So those were the answers for the main characters, and now here are some shorter answers for some of the side characters!
A book with an OH MY GOD twist:
Thunderhead by Neal Shusterman. If you know, you know.
A British classic:
Jane Eyre is 100% my favourite British classic. I love rereading this in autumn/winter as it is so dark and broody and atmospheric. Plus, I find Jane to be a progressive character for her time. Although, unlike Rachel I DID read the book and I don’t think Jane Eyre is like Robocop.
A book nobody seems to be talking about:
The Housekeeper and the Professor by Yoko Ogawa is such a lovely little novel about a single mother who becomes the housekeeper of an elderly mathematics professor with a memory condition. It is heartwarming and was one of my favourite books of last year.
Carol and Susan:
An LGBTQ+ book or author:
Juliet Takes a Breath by Gabby Rivera is a great book about Juliet, who – before heading off to do an internship for a white feminist writer – comes out to her Puerto Rican family and tells them that she is a lesbian. This book is humorous and entertaining and makes great commentary on inter-sectional feminism and how white feminism is – quite wrongly – the most dominant in the public eye. This is a great piece of YA! I’ve reviewed this book if you’re interested.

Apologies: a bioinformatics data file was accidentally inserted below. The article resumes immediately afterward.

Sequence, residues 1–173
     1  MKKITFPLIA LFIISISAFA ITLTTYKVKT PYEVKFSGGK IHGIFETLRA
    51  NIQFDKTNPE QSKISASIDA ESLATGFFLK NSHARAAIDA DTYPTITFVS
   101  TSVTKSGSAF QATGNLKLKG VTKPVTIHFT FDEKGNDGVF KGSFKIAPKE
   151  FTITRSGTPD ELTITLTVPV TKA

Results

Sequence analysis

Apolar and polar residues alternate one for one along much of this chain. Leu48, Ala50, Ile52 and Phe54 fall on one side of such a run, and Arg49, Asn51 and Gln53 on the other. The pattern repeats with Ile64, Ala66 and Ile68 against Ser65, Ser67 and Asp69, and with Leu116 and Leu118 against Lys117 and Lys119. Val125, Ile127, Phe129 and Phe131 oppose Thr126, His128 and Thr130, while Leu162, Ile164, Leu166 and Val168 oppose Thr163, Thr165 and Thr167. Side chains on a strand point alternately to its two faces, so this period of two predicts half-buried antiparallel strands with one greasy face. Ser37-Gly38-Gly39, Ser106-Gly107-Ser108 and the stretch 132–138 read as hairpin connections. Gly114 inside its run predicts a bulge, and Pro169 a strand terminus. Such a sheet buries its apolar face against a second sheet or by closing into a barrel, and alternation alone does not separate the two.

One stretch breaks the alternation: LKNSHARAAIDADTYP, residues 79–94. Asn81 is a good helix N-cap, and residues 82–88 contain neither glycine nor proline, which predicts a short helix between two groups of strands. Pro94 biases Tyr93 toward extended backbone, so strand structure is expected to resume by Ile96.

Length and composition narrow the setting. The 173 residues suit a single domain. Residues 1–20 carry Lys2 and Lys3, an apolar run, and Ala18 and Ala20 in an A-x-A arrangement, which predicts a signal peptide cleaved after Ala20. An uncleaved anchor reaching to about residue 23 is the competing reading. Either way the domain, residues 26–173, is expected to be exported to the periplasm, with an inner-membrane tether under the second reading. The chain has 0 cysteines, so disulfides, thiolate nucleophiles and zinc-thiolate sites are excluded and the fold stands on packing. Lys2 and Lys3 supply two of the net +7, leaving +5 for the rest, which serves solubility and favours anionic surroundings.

A book or character with intense/stalker vibes:
I picked Vincent and Eli from Vicious by V. E. Schwab. They are both very ambitious and intense throughout the story, and (considering they are enemies) they definitely do stalk each other across the country throughout the novel. *I found this one kind of hard, my bad*
A slow burning book OR romance novel:
I picked East of Eden by John Steinbeck for this one, as it is a long book which focuses a lot on character development and atmosphere rather than plot point after plot point, meaning it was quite slow burning.
A book that left you feeling accomplished or better educated:
So You’ve Been Publicly Shamed by Jon Ronson was a really interesting book about how the internet has created a resurgence in the joy of public shaming and how easily lives and reputations can be ruined by social media. It really educated me on how I can be a more mindful social media user and encouraged me to make sure I am never unfairly bashing somebody online.
Which F.R.I.E.N.D.S character do you most identify with?
I think I am a bit of Chandler and Joey. Joey because I love food (duh) and I like to think that I am a good friend and that I would do anything for any of my friends, and Chandler because of his sense of humour. That being said, I think I relate to a little bit of each of them, so it is hard to pick!
And that’s the tag! I hope you guys enjoyed this and I will speak to you soon! Feel free to do this is you want, consider yourself tagged. I have one more thing to say as a parting gift…